Experts: How the Economy Will Change by the End of 2023

man person hold showing growth inflation charts and dollar sign.
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One of the most consequential years in recent economic history is in the books.

Few could have predicted how it would all unfold, but that’s no reason to hold back from prognosticating about how 2023 will play out.

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While no one can predict the future, experts can make educated guesses based on current trends and historical patterns — and GOBankingRates asked the experts to do exactly that in regard to the prospects for the economy in the coming year

Inflation Will Continue To Fade To a Healthy Level by Year’s End

The big story of 2022 was runaway inflation, and the story appears to be moving toward a happy ending. The inflation rate is still higher than it has been in decades, but the November CPI report brought excellent news that leaves plenty of reason for optimism in 2023.

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Consumer prices increased by 7.1%, down from October and lower than the 7.3% that analysts had predicted. It was the smallest 12-month increase since December 2021.

“I expect that the Fed’s monetary tightening will start to have a strong impact next year, and I would expect inflation to be substantially reduced from current levels,” said Mikael C. Bergbrant, Ph.D., associate professor of finance at St. John’s University.

Both Forbes and The New York Times report that analysts are echoing the Fed in predicting that the inflation rate likely will fall to 3% by the end of 2023 — but the Times points out that many of those same analysts were wrong about 2022.

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The Stock Market’s Fate Will Hinge on Fed

According to Forbes, at the end of 2022, the stock market was on pace for its worst year in more than a decade. Down by 17% at the time, the S&P 500 hasn’t sustained double-digit losses since the Great Recession of 2008.

As for 2023, CNBC quoted an expert from Morgan Stanley who predicts another year of double-digit percentage drops. On the other hand, Business Insider quoted a respected Wharton professor who expects gains of at least 20%.

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When it comes to predicting the stock market’s future performance, such wild variations are par for the course.

“Stock returns are notoriously difficult to forecast, as stock prices respond to changes in expectations,” Bergbrant said. 

Most experts agree that the stock market’s performance in 2023 will depend on the Fed’s ability to pull off a so-called “soft landing” — reducing inflation by tightening the money supply without triggering a recession.

“To the extent that the Fed manages to carry out monetary policy in a controlled way, and consistent with how they have communicated their plan,” Bergbrant said, “I would not expect large changes to market expectation, and therefore prices.”

Housing Market Will Continue To Cool — in Most Places

Nowhere has the Fed’s aggressive rate hikes been more evident than in the housing market, and the cooling effects of its actions aren’t likely to slow down in 2023. 

“We have seen a significant slowdown in activity since the progressive rise in interest rates over the past few months,” said Jonathan Faccone, a full-time real estate investor and managing member of Halo Homebuyers. “Typically the market slows down during the holiday season, so we will have a better gauge of what will happen after the New Year holidays.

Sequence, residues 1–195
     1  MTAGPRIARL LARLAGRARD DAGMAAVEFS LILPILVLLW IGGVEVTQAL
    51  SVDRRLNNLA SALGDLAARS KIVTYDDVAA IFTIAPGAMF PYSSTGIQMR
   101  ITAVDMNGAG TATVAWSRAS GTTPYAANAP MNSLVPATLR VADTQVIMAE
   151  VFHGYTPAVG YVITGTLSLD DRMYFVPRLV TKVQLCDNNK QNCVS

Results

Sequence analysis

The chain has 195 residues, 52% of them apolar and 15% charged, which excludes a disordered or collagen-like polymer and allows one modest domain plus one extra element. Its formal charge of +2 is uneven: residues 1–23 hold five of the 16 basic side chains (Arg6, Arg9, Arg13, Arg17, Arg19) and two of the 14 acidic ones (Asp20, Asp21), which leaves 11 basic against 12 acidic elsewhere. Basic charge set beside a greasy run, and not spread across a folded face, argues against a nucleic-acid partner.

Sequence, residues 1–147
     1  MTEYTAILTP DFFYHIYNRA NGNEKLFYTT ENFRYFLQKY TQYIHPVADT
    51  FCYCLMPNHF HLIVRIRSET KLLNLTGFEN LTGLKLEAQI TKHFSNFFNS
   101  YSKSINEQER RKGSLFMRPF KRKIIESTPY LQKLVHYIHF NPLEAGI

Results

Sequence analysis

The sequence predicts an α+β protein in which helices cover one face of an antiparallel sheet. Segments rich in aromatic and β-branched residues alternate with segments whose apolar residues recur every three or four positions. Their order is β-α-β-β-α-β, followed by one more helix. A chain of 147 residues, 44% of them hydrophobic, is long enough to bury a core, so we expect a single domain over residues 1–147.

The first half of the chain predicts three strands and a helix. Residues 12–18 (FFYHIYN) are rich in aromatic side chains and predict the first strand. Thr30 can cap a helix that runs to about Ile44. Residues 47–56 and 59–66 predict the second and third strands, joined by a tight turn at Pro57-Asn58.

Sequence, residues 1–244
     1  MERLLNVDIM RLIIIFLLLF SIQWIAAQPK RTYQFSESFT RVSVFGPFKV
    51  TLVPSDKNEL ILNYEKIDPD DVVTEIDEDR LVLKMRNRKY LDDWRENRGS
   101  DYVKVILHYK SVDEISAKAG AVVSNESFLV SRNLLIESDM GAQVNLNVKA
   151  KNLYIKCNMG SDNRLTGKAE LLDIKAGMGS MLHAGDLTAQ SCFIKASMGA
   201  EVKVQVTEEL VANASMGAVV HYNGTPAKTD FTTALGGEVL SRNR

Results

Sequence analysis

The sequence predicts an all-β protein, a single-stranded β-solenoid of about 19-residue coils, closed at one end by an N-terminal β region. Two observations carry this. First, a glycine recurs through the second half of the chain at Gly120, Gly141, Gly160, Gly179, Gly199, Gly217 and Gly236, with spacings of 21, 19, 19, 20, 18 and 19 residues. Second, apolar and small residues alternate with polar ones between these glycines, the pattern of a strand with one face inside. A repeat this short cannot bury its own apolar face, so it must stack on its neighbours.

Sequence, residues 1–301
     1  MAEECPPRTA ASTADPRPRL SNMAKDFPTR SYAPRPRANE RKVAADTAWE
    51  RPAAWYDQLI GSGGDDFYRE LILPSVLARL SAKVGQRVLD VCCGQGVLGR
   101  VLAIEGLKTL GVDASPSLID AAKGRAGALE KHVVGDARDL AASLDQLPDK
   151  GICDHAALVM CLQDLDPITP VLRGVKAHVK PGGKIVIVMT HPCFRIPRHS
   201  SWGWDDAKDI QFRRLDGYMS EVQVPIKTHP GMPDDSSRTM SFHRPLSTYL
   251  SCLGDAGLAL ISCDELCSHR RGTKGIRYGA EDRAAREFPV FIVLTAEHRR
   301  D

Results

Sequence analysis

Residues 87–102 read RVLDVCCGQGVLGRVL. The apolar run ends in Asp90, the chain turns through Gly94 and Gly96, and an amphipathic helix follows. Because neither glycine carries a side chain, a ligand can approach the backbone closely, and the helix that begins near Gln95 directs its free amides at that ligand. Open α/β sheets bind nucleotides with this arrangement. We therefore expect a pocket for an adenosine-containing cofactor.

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“However, interest rates have more than doubled from where they were earlier in 2022. The purchasing power of most buyers has significantly decreased. As a result, prices will decrease throughout the country, beginning at the higher price points first.” 

Faccone pointed out that inventory shortages are still a problem in many markets, which will keep those markets warm despite decreasing buyer demand. The national trend, however, will be one of falling prices and fewer sales.

“Some real estate markets will be hit harder than others,” Faccone said. “But overall we will see lower prices in most markets throughout the country.”

The Seemingly Indestructible Job Market Finally Will Weaken

Despite the bear stock market, runaway inflation and rapidly rising interest rates, Americans did not have to worry about their jobs in 2022. The unemployment rate has been under 4% throughout 2022 and, according to Forbes, employers are adding hundreds of thousands of workers to their payrolls every month and there are 11 million open jobs.

Bergbrant expects the job market “to cool off substantially” in the coming year. Melanie Musson, a finance expert with Clearsurance, agrees.

“The job market will be in a slump,” Musson said. “Large tech companies have already started laying off employees in preparation for a recession. Those layoffs indicate the start of massive layoffs in many sectors. So, the unemployment rate will be high at the end of next year.”

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About the Author

Andrew Lisa has been writing professionally since 2001. An award-winning writer, Andrew was formerly one of the youngest nationally distributed columnists for the largest newspaper syndicate in the country, the Gannett News Service. He worked as the business section editor for amNewYork, the most widely distributed newspaper in Manhattan, and worked as a copy editor for TheStreet.com, a financial publication in the heart of Wall Street's investment community in New York City.
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